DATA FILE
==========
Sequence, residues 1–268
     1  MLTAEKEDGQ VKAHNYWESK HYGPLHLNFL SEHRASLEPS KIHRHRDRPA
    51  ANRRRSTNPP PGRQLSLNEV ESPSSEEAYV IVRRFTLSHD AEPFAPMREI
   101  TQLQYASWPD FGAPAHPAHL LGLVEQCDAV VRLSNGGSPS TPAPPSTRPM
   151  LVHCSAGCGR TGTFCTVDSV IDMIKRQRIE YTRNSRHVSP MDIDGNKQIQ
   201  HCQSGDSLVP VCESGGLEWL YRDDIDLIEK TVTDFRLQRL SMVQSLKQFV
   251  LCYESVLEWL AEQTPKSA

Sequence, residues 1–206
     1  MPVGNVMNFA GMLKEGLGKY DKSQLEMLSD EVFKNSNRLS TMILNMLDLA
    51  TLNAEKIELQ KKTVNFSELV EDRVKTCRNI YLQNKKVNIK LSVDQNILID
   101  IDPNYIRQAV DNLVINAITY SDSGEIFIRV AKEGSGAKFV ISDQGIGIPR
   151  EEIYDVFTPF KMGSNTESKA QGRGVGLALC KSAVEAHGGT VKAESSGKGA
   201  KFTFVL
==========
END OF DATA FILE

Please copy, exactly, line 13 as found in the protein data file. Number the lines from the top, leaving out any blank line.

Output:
   201  KFTFVL